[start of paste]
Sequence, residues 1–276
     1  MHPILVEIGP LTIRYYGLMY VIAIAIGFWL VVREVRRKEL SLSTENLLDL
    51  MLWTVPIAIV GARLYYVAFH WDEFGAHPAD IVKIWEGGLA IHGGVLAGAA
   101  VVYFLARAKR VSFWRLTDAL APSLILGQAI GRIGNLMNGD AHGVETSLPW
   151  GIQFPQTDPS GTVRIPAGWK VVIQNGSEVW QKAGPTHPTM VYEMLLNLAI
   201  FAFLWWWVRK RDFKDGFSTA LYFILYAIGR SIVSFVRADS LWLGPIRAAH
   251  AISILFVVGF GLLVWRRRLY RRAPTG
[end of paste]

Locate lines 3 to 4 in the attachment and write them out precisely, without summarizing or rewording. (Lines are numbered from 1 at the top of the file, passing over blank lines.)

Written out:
    51  MLWTVPIAIV GARLYYVAFH WDEFGAHPAD IVKIWEGGLA IHGGVLAGAA
   101  VVYFLARAKR VSFWRLTDAL APSLILGQAI GRIGNLMNGD AHGVETSLPW